Rubens in Repeat: The Logic of the Copy in Colonial Latin America
English | ISBN: 1606066862 | 2021 | 320 pages | PDF | 79 MB
This book examines the reception in Latin America of prints designed by the Flemish artist Peter Paul Rubens, showing how colonial artists used such designs to create all manner of artworks and, in the process, forged new frameworks for artistic creativity.
Peter Paul Rubens (1577-1640) never crossed the Atlantic himself, but his impact in colonial Latin America was profound. Prints made after the Flemish artist’s designs were routinely sent from Europe to the Spanish Americas, where artists used them to make all manner of objects.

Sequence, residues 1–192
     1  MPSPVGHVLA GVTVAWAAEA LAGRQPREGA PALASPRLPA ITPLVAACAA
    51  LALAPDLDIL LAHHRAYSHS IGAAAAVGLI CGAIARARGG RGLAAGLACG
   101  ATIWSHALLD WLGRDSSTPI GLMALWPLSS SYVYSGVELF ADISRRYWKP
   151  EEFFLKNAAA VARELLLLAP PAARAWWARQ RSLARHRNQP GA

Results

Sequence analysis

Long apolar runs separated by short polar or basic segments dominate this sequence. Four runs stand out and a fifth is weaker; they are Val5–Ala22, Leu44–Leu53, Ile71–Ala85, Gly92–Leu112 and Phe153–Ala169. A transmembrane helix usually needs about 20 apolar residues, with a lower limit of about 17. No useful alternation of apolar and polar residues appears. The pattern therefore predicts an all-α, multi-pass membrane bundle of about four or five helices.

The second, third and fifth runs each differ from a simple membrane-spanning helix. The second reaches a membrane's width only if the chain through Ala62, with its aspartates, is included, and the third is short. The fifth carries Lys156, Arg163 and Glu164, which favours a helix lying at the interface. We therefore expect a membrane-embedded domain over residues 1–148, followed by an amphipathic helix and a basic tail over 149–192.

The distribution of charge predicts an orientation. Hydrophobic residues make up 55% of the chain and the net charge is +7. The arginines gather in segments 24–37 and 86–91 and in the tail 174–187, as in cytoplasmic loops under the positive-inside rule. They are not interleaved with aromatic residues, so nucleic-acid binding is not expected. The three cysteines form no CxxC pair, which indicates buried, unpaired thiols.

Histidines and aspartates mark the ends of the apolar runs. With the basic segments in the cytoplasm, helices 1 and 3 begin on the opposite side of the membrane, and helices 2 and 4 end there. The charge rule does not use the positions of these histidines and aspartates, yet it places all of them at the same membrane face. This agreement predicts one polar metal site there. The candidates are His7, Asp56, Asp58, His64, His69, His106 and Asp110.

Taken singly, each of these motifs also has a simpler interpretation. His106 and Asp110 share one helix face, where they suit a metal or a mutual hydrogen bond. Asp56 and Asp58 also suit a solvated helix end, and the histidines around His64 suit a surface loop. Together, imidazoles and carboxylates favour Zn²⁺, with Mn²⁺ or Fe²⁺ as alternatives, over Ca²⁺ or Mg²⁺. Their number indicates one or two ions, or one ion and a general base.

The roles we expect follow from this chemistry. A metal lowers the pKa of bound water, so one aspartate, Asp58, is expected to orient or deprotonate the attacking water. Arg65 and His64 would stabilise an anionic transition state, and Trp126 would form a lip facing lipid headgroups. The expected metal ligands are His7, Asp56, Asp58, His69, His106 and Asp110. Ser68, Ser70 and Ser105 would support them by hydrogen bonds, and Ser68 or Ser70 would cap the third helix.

is the first comprehensive study of this transatlantic phenomenon, despite broad recognition that it was one of the most important forces to shape the artistic landscapes of the region. Copying, particularly in colonial contexts, has traditionally held negative implications that have discouraged its serious exploration. Yet analyzing the interpretation of printed sources and recontextualizing the resulting works within period discourse and their original spaces of display allow a new critical reassessment of this broad category of art produced in colonial Latin America-art that has all too easily been dismissed as derivative and thus unworthy of sustained interest and investigation. This book takes a new approach to the paradigms of artistic authorship that emerged alongside these complex creative responses, focusing on the viceroyalties of New Spain and Peru in the seventeenth and eighteenth centuries. It argues that the use of European prints was an essential component of the very framework in which colonial artists forged ideas about what it meant to be a creator.
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